There are an estimated 53 million domestic workers worldwide – the majority of whom are women and girls, and many of whom are migrants, Human Rights Watch (HRW) said, urging protection for these valuable but vulnerable people.
While the number of domestic workers is believed to have increased in the past years in many parts of Africa and Asia due to higher levels of poverty and unemployment, in South Africa however, there has been a considerable decrease of 5% in the past decade.
The number, which reached around 1.21 million in 2003 has fallen to about 1.15 million in 2012, according to the South African Institute of Race Relations (SAIRR). SAIRR researcher Georgina Alexander was quoted as saying that the decrease was significant because the country’s middle class had increased over the same period.
Domestic work, described by many people as a ‘cheap’ and ‘lowly’ profession, is nonetheless cherished by those exercise it.
But domestic workers continue to brave all sorts of ill-treatment, including physical and emotional abuse, sexual harassment, racism and discrimination.
All over the world, even in the so-called civilised societies such as the European Union, US and Australia, domestic workers are singing the same song: overwork, low wages and insults.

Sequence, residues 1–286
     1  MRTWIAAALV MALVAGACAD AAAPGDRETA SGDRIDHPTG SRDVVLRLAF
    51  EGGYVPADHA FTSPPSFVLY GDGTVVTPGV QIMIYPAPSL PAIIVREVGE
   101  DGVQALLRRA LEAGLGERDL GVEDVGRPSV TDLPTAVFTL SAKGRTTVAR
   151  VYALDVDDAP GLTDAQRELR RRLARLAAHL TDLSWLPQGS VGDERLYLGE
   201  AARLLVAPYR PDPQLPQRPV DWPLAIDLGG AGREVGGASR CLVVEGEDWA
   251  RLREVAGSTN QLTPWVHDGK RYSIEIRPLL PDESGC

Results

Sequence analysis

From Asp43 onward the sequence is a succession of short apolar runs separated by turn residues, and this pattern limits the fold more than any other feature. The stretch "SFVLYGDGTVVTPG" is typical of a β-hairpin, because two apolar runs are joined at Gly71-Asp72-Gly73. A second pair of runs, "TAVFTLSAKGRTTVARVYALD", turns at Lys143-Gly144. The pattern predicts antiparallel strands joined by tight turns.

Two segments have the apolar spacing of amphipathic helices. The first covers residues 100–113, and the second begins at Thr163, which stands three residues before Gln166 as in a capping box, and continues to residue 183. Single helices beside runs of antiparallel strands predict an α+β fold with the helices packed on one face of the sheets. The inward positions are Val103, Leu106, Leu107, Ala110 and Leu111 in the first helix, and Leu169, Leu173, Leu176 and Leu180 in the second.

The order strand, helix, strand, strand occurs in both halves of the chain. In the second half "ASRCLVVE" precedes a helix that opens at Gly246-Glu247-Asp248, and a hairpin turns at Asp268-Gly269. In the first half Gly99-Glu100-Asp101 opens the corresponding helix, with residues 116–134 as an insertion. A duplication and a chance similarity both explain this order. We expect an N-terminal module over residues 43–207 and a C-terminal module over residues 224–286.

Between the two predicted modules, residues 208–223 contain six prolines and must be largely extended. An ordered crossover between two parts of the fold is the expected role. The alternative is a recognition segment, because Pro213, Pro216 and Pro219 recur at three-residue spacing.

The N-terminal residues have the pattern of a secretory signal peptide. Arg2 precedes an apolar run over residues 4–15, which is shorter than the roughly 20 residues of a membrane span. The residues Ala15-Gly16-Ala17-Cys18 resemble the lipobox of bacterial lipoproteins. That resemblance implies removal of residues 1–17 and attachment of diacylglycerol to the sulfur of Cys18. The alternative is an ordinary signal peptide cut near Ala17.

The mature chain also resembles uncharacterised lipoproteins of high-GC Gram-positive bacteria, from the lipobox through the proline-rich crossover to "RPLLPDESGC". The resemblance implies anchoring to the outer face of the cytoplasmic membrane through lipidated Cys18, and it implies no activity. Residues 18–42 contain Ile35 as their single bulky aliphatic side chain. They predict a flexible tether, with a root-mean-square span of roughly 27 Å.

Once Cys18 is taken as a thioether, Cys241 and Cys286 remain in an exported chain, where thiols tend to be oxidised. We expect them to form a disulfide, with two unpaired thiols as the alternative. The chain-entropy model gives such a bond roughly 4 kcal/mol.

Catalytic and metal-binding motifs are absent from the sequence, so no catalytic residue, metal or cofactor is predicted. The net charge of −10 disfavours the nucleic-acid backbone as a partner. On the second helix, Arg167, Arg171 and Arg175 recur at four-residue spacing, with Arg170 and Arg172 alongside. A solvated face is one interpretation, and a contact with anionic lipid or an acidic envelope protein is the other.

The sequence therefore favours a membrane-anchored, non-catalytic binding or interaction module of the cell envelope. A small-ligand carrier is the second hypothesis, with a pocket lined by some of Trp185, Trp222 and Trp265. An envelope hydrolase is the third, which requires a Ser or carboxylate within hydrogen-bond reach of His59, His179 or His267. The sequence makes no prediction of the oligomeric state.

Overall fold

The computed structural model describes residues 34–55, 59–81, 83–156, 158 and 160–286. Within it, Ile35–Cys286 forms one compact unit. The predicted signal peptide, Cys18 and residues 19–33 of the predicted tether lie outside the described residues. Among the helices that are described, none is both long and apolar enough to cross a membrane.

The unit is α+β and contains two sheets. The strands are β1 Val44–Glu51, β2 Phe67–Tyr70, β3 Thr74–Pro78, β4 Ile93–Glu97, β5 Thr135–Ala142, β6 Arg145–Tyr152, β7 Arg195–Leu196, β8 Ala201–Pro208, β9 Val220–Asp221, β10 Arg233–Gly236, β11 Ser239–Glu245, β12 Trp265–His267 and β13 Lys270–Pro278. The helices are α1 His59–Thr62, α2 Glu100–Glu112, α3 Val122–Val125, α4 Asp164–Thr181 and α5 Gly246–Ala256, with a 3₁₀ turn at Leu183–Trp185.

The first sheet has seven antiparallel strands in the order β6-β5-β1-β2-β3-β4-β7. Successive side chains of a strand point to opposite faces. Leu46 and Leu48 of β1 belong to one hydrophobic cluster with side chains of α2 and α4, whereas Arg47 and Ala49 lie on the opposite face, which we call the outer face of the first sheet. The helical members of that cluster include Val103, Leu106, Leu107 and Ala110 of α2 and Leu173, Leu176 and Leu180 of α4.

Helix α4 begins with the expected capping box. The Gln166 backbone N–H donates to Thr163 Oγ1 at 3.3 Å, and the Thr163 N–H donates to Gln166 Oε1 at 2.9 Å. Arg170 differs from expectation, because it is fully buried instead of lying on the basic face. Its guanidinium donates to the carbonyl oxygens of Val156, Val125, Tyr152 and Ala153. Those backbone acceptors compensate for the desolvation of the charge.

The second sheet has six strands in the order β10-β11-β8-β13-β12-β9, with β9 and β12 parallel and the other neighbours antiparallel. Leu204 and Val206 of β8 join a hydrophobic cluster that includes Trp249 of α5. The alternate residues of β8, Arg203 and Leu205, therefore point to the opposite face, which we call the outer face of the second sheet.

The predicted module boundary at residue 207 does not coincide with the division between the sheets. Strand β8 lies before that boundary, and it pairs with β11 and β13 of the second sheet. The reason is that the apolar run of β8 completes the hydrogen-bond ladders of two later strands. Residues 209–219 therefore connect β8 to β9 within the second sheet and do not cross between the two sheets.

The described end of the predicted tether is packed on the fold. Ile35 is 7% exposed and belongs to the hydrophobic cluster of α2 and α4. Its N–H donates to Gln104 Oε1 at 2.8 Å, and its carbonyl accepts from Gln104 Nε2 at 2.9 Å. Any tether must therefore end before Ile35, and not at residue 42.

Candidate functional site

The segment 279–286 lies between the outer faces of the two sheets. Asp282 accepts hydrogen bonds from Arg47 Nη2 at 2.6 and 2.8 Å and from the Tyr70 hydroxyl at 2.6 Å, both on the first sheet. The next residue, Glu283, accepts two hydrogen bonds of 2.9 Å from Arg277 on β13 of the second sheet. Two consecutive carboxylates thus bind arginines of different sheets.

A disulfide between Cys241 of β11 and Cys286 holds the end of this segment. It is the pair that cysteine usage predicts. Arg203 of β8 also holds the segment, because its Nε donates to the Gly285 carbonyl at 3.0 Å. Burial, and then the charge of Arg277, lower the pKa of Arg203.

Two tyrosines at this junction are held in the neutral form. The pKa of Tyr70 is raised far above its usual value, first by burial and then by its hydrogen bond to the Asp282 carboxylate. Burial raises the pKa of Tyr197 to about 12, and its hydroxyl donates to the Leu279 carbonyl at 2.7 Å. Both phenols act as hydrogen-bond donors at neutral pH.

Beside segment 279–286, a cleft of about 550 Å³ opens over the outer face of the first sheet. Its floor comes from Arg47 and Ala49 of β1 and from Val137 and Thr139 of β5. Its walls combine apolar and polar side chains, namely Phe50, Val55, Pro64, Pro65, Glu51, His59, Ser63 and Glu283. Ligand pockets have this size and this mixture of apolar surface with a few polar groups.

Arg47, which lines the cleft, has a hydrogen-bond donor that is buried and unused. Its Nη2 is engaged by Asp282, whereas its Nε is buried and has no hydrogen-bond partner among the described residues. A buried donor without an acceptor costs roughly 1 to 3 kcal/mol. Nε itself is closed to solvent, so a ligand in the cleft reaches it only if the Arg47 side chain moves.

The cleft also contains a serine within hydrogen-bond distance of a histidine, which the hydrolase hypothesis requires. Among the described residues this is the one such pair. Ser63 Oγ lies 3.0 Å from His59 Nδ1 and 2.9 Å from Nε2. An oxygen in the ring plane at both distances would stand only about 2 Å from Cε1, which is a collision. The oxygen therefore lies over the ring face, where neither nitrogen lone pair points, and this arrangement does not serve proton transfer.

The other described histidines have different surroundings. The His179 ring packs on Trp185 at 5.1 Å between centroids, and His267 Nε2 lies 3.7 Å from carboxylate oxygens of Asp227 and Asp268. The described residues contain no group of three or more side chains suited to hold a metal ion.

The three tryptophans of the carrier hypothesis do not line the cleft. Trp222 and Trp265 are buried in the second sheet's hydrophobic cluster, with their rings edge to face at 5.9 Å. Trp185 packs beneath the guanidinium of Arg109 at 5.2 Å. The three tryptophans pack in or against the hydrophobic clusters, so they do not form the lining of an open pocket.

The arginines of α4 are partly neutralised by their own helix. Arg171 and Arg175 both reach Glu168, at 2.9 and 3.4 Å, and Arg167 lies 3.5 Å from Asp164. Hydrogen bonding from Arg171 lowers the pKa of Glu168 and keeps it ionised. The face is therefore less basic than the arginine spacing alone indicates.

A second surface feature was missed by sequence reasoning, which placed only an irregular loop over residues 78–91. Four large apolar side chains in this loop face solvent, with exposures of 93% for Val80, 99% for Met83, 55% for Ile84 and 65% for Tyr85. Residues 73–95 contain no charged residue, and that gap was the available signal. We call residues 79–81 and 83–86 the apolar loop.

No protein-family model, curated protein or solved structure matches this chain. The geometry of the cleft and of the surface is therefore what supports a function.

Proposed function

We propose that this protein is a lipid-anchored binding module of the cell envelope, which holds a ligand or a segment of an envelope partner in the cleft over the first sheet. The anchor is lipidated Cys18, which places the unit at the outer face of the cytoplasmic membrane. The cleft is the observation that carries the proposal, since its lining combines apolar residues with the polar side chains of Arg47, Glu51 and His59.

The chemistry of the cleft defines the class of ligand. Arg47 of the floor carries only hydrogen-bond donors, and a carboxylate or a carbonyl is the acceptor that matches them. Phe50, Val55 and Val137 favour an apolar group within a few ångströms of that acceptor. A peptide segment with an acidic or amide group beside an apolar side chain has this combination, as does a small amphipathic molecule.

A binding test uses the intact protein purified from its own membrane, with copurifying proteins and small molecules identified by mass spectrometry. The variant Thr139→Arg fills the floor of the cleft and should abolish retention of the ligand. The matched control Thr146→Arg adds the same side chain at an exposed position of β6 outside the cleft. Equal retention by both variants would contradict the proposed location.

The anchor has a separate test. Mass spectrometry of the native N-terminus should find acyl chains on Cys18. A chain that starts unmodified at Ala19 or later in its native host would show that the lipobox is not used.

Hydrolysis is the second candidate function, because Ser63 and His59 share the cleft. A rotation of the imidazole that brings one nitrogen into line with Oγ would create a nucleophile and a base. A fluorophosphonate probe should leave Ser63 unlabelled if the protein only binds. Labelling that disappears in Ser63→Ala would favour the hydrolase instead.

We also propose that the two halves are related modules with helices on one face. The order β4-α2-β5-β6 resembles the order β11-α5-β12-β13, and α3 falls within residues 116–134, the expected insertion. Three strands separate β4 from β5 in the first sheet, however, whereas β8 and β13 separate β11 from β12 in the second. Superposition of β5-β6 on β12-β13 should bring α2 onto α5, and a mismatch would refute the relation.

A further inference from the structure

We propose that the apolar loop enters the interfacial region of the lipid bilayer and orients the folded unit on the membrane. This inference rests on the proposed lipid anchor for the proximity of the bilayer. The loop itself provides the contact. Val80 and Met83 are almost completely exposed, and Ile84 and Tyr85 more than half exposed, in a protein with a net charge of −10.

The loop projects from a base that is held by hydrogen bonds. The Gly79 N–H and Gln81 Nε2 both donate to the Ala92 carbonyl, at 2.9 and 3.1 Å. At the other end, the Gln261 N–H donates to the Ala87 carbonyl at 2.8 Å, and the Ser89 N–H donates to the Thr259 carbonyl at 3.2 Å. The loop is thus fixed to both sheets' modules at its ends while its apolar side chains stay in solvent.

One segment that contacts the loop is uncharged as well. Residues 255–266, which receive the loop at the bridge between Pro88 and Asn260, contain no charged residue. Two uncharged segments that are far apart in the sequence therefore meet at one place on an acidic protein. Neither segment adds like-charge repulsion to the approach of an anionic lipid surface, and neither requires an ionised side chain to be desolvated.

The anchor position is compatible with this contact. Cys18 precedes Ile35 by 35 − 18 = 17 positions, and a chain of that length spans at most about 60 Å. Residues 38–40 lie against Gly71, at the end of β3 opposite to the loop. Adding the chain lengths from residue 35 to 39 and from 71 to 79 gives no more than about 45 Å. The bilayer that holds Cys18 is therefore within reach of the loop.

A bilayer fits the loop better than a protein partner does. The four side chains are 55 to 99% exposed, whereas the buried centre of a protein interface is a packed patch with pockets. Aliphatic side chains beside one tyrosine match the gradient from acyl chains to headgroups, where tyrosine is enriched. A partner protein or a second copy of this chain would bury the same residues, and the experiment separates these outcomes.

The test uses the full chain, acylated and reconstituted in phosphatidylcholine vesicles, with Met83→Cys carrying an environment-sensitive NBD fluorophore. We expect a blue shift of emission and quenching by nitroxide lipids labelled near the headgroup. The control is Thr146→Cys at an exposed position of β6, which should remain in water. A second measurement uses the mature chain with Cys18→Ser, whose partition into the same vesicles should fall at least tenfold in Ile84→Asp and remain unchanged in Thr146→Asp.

“Even though domestic workers provide critical services that families depend on – cooking, cleaning, and child care – they have faced discrimination and marginalisation for generations. That should end,” Myrtle Witbooi, chair of the International Domestic Workers Network, said.
“This array of human rights abuses against domestic workers underlines the urgency for better laws, stronger enforcement, and a dramatic shift in how domestic work is valued,” Nisha Varia, HRW senior women’s rights researcher, said.
“Addressing and preventing these abuses will affect millions of lives.”
The Domestic Workers Convention treaty, established in 2011 by the International Labour Organisation (ILO), only entered into force on 5 September 2013.
The treaty lays down the first global standards for domestic work, HRW said, adding that under the new convention, domestic workers are entitled to the same basic rights as those available to other workers.
Only 10 countries have ratified the Domestic Workers Convention: Uruguay, Philippines, Mauritius, Nicaragua, Italy, Bolivia, Paraguay, South Africa, Guyana, and Germany, HRW reports.
“Governments should bring national laws into compliance with the Domestic Workers Convention and ensure effective enforcement of those laws,” the New York-based rights organisation said.
They should also protect domestic workers’ rights to organise, form unions and associations, and campaign for their rights, it added.
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